Affineur of the Year Update November – Paxton and Whitfield

For over 220 years, Paxton & Whitfield has pioneered artisan cheese and handmade fine foods. The company has held the Royal Warrant of Appointment to every monarch since HM Queen Victoria in 1850.

Alex is Assistant Manager for our London shops; recently promoted from his role as Cellar Manager in our historic Jermyn Street shop. Alex’ passion for artisan cheese began when he was studying at the School of Artisan Food – close to the Welbeck Estate where Stichelton cheese is made.

Why did you enter the Affineur of the Year competition?

The competition sounded like an excellent opportunity to engage with other affineurs and to would give us the opportunity to mature a cheese for much longer than we normally would do in our historic Jermyn Street cellar.

What is your relationship with affinage to date?

In my previous role as Cellar Manager, I cared for a variety of cheese styles on a daily basis and made sure they arrived with our customers in optimal condition. Our Jermyn Street cellars are very compact and also very busy, so the cheese is continually coming in and out. This means the affinage we usually undertake tends to be more short term such as ripening the smaller, softer styles until just à point. It is rare that we get the chance take a cheddar up to maturity solely in Jermyn Street’s cellars. Exciting!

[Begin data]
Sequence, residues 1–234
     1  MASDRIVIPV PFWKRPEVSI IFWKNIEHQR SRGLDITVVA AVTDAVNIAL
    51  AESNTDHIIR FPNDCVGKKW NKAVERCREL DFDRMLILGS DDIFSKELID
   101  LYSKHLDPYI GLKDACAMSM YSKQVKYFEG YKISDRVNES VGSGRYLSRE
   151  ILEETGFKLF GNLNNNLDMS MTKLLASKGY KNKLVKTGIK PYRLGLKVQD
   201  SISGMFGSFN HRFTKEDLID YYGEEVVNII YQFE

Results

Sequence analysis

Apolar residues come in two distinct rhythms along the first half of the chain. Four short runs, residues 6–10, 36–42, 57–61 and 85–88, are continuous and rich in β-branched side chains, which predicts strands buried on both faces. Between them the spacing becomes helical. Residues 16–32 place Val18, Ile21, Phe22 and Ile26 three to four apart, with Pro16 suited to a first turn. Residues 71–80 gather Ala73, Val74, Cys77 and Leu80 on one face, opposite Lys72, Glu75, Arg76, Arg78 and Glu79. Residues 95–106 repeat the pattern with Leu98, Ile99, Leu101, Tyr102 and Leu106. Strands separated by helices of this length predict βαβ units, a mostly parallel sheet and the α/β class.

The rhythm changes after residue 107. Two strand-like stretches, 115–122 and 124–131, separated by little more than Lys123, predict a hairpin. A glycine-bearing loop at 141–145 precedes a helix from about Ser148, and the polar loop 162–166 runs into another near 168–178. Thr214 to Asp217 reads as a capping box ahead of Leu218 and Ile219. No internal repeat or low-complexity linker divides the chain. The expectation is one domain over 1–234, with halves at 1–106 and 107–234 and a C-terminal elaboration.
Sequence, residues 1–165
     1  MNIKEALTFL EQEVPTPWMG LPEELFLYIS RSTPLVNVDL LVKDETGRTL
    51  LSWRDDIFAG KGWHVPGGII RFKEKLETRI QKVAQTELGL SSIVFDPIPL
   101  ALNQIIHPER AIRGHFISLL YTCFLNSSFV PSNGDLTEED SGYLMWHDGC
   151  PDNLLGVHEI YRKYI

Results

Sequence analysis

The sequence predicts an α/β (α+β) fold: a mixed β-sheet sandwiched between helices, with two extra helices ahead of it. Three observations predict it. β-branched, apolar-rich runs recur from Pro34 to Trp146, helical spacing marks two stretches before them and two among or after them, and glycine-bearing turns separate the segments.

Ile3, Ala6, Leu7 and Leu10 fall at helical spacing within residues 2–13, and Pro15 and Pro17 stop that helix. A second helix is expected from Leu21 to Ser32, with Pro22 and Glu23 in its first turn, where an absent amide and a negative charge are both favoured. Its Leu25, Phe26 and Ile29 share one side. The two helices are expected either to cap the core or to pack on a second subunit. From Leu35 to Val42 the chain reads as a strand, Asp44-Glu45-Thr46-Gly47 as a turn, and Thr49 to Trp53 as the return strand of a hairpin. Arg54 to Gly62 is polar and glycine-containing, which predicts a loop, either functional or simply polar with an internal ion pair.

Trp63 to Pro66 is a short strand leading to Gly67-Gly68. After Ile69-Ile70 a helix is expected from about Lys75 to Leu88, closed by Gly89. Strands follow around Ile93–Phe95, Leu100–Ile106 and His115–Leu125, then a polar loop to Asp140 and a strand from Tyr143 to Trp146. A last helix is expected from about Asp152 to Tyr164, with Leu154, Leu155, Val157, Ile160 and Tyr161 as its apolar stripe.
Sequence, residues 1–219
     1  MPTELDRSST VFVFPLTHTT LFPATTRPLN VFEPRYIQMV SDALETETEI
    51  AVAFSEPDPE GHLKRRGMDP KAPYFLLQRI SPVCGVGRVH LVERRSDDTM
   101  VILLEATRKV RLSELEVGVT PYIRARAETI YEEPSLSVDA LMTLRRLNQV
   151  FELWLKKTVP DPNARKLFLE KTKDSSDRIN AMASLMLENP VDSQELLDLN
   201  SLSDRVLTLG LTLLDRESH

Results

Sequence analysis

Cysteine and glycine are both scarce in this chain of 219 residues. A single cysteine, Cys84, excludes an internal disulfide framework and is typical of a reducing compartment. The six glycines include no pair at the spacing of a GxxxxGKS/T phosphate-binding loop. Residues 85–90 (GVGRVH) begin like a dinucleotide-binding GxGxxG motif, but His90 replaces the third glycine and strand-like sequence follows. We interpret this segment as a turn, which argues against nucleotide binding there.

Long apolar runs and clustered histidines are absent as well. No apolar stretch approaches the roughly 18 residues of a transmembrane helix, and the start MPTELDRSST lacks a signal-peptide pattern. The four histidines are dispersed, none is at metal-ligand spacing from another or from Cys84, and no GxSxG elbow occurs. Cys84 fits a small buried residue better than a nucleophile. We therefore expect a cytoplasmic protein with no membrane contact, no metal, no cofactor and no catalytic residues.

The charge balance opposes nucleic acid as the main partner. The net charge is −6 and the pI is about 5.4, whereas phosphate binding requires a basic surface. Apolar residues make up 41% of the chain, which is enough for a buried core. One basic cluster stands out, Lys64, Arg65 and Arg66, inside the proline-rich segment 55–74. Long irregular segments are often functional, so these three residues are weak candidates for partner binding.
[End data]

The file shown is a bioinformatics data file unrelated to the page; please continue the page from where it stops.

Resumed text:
How are you approaching the maturation and why have you chosen this approach?

We have chosen a very simple approach to the affinage. Our Jermyn Street cellar holds an exceptionally varied population of artisan cheeses so I am really interested to see what affect the unique microflora of our cellar has on this cheddar. Quickes’ cheddar will be sharing that space with cheeses from the Savoie, Jura and Belgium so the results will hopefully be interesting. We turn the cheese once a week and keep the humidity around 90%. The temperature in our cellar is typically between 10-11°C, perhaps a little cool for the 9 months that we have our cheese for, but this is one big experiment so we’ll see in February.

What are your expectations for the matured cheese, flavour profile after 9 months?

I would expect the cheese to retain its sweet, buttery character and would love for it to still show elements of Quickes’ lush pastures. We’re unsure if its alpine neighbours will change it much but that’s all part of the fun. I would like the cheese to develop a deeper, brothy complexity but we may have to hold on to it for 12 months to see that. As this is our first real long-term maturation project under Jermyn Street we don’t really know what to expect – I’m fascinated to see how it develops and taste the results!